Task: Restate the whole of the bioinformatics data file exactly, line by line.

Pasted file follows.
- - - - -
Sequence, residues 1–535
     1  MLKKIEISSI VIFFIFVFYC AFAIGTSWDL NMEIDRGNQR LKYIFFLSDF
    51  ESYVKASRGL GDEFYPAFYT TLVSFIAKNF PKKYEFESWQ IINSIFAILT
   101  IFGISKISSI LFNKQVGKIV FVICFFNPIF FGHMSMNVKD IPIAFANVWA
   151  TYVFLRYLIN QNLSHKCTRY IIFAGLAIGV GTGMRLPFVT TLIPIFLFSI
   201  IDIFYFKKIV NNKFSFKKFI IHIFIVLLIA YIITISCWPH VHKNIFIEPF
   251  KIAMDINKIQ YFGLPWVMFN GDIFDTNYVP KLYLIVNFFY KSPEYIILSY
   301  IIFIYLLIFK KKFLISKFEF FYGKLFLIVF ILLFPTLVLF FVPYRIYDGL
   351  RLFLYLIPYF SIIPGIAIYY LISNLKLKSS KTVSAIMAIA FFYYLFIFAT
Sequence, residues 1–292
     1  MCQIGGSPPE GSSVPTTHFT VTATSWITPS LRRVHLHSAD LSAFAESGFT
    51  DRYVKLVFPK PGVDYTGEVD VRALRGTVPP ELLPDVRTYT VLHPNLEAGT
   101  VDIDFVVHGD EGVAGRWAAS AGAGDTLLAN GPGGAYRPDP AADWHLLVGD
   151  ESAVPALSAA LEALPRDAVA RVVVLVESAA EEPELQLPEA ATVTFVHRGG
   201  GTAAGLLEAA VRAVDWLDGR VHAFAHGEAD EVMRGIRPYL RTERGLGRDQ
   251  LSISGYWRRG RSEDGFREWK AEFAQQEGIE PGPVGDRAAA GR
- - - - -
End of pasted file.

Sequence, residues 1–535
     1  MLKKIEISSI VIFFIFVFYC AFAIGTSWDL NMEIDRGNQR LKYIFFLSDF
    51  ESYVKASRGL GDEFYPAFYT TLVSFIAKNF PKKYEFESWQ IINSIFAILT
   101  IFGISKISSI LFNKQVGKIV FVICFFNPIF FGHMSMNVKD IPIAFANVWA
   151  TYVFLRYLIN QNLSHKCTRY IIFAGLAIGV GTGMRLPFVT TLIPIFLFSI
   201  IDIFYFKKIV NNKFSFKKFI IHIFIVLLIA YIITISCWPH VHKNIFIEPF
   251  KIAMDINKIQ YFGLPWVMFN GDIFDTNYVP KLYLIVNFFY KSPEYIILSY
   301  IIFIYLLIFK KKFLISKFEF FYGKLFLIVF ILLFPTLVLF FVPYRIYDGL
   351  RLFLYLIPYF SIIPGIAIYY LISNLKLKSS KTVSAIMAIA FFYYLFIFAT
Sequence, residues 1–292
     1  MCQIGGSPPE GSSVPTTHFT VTATSWITPS LRRVHLHSAD LSAFAESGFT
    51  DRYVKLVFPK PGVDYTGEVD VRALRGTVPP ELLPDVRTYT VLHPNLEAGT
   101  VDIDFVVHGD EGVAGRWAAS AGAGDTLLAN GPGGAYRPDP AADWHLLVGD
   151  ESAVPALSAA LEALPRDAVA RVVVLVESAA EEPELQLPEA ATVTFVHRGG
   201  GTAAGLLEAA VRAVDWLDGR VHAFAHGEAD EVMRGIRPYL RTERGLGRDQ
   251  LSISGYWRRG RSEDGFREWK AEFAQQEGIE PGPVGDRAAA GR